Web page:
More intense rains seem to be occurring and with greater frequency in many parts of the United States. In 2016, the U.S. Environmental Protection Agency (EPA) reported that total annual precipitation has increased in the United States and worldwide at an average rate of 0.08 in. (2 mm) per decade since 1901, and during this same period, precipitation in the contiguous 48 states has increased at a rate of 0.17 in. (4 mm) per decade (Fig. 1).1 The EPA went on to say, “In recent years, a higher percentage of precipitation in the United States has come in the form of intense single-day events. Nationwide, nine of the top 10 years for extreme one-day precipitation events have occurred since 1990.” Furthermore, from 1910 to 2015, “the portion of the country experiencing extreme single-day precipitation events increased at a rate of about half a percentage point per decade.”2
So, have the codes kept up with the changes in the frequency and intensity of rainfalls? We all refer to the building codes, at least as a starting point, when calculating the rainwater capacity of roof drains, scuppers, gutters, downspouts, and secondary drainage systems (overflow devices). Specifically, for most jurisdictions, we refer to Fig. 1106.1 of the International Plumbing Code (IPC),3 which provides 100-year, 1-hour (60-minute) rainfalls for various regions of the United States, or IPC Appendix B, “Rainfall Rates for Various Cities.” The latter, which may or may not be adopted as part of the local building code, also provides rainfall rates in inches per hour for rain events having a duration of 1 hour and a return period of 100 years. Knowing the code sets minimum standards, it is possible for designers to exceed code and use more conservative rainfall intensity data—such as a 100-year, 15-minute or 100-year, 5-minute rainfall intensity—for the cities in which our projects are located. Nevertheless, the question remains: Have the plumbing codes we use in our design work kept pace with what is going on around us? Or, are the 100-year, 1-hour rainfall rates we are using outdated, resulting in the design of undersized rainwater conduction systems; risking the overflowing of gutters or, worse, the overloading of low-slope roofs if such accumulated water load time periods are not accounted for by the design?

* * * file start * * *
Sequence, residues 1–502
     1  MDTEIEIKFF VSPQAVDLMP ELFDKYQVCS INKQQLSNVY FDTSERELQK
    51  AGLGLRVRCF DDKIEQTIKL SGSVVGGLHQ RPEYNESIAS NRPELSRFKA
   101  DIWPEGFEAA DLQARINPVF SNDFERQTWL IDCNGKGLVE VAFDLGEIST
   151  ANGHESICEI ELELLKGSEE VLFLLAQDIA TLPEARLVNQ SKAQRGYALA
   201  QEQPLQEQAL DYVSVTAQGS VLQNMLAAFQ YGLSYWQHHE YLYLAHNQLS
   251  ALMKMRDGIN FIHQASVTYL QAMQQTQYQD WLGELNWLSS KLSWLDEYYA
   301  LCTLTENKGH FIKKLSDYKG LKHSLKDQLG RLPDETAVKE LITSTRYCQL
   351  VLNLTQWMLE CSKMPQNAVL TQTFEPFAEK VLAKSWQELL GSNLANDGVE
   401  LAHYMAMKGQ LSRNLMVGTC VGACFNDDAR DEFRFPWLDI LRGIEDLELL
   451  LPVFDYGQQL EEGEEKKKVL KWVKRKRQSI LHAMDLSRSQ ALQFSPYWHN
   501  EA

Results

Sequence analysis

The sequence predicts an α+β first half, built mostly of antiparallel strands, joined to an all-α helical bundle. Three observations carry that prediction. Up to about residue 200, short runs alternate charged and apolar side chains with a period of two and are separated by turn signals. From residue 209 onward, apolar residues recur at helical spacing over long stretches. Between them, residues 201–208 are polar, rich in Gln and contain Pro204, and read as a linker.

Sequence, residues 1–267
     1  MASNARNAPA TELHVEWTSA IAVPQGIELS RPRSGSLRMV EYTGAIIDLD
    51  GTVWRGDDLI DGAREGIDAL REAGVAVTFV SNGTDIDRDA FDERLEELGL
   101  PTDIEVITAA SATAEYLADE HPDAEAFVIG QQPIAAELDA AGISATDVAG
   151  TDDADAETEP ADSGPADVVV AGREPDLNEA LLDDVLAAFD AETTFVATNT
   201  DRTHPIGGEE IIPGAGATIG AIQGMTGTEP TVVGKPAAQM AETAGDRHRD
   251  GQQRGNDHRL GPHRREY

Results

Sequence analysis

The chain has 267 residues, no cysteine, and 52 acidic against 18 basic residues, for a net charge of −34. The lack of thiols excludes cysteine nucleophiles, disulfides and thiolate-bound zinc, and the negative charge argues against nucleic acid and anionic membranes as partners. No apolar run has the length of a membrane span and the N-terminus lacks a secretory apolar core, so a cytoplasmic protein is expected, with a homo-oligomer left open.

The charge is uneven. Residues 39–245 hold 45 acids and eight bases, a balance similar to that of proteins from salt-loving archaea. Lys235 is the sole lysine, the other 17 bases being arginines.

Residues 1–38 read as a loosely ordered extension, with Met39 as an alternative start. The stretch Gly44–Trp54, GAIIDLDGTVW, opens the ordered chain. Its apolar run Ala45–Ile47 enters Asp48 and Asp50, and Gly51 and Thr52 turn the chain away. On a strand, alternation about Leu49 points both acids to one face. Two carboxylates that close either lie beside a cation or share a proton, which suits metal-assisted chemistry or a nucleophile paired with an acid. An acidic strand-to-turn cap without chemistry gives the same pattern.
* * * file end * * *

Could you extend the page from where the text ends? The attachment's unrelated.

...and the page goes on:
This paper reviews U.S. rainfall intensity data reports and various plumbing codes from 1935 to the present. This review suggests that plumbing codes have remained relatively static, rarely contain current rainfall intensity data, and truly represent a minimum standard with regard to the design of roof drainage systems.